There are two theories about the origin of "flea market," and although I'm fairly certain that one of them is actually a case of linguistic coincidence, we'll take them both for a spin. According to etymologist Christine Ammer, the first "flea market" may have been New York's raucous Fly Market, a fixture in Lower Manhattan from before the American Revolution until around 1816. The "Fly" came from the Dutch name for the market, "Vly" or "Vlie," which meant "valley," and was pronounced, you guessed it, "flea." Voila, "flea market." Maybe.
However, while the Fly Market certainly existed, and its name was evidently indeed pronounced "flea market," the actual origin of the term most probably lies in Paris, where Le Marche aux Puces (literally, "market of the fleas") was a popular shopping venue. Le Marche aux Puces took its name, as you might have guessed by now, from the semi-humorous (and probably at least partly accurate) popular perception that the market's ragtag goods were more than likely to be infested with fleas.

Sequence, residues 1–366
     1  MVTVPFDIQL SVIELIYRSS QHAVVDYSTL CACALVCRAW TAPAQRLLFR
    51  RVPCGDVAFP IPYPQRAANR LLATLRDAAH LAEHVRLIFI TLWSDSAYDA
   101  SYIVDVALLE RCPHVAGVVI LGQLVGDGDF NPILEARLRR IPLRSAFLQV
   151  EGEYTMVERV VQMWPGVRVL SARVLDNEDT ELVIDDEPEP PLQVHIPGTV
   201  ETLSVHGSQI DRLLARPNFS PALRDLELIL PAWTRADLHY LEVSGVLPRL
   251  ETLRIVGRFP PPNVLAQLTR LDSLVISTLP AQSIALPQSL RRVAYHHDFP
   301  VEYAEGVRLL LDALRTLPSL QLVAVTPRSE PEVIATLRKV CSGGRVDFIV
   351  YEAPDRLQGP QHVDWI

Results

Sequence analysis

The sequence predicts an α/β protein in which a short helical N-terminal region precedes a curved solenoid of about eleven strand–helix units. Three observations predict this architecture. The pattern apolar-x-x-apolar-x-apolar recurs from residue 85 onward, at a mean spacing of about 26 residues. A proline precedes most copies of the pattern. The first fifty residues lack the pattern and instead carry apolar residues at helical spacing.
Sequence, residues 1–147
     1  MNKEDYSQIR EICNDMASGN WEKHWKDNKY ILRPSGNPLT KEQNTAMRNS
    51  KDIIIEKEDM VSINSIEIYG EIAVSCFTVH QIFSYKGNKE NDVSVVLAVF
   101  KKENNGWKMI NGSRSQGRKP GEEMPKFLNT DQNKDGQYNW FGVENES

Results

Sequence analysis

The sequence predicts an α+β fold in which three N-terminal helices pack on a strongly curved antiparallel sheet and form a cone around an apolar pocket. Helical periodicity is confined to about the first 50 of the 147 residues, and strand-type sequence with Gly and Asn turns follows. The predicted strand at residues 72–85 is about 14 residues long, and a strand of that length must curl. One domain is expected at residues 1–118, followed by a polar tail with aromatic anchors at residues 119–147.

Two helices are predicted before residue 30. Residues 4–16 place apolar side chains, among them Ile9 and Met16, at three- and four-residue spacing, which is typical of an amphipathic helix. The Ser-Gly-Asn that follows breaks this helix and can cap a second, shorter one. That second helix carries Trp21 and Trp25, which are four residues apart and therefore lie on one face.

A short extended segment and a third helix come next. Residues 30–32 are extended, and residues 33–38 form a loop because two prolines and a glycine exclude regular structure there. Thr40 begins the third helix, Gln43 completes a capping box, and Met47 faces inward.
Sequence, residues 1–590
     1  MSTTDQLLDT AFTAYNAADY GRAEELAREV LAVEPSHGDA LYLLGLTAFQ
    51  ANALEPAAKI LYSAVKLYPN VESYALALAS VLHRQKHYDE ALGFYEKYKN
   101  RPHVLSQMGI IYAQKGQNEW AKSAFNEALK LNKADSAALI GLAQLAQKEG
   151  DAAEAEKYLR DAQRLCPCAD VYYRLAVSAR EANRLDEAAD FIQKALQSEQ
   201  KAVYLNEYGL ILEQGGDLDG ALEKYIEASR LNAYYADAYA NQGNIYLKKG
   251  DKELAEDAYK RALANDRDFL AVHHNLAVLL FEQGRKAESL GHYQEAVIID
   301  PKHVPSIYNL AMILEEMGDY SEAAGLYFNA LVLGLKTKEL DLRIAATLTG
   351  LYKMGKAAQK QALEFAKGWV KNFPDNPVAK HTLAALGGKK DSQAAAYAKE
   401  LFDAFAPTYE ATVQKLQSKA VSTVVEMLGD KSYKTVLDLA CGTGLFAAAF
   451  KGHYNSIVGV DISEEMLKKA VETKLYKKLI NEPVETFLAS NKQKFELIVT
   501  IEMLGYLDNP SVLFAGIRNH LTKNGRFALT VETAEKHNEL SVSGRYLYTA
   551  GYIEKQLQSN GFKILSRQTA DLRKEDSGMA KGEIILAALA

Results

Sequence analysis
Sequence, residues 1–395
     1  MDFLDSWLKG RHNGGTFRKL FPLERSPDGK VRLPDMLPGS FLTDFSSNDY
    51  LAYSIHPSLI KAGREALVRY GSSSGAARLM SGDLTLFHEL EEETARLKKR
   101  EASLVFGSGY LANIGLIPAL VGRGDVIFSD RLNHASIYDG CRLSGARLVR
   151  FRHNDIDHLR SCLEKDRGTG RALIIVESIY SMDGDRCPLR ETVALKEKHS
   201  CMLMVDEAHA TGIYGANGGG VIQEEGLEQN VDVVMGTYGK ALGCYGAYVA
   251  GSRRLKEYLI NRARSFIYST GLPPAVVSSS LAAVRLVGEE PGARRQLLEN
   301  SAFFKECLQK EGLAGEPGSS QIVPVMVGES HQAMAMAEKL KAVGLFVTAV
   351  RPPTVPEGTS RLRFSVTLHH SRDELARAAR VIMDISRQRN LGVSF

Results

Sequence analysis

In any case, "flea market" first appeared in English in the 1920's and is most likely a simple translation of the French market's name. If "flea market" had gained currency from the Manhattan "Fly Market," it almost certainly would have appeared in print much earlier than it did.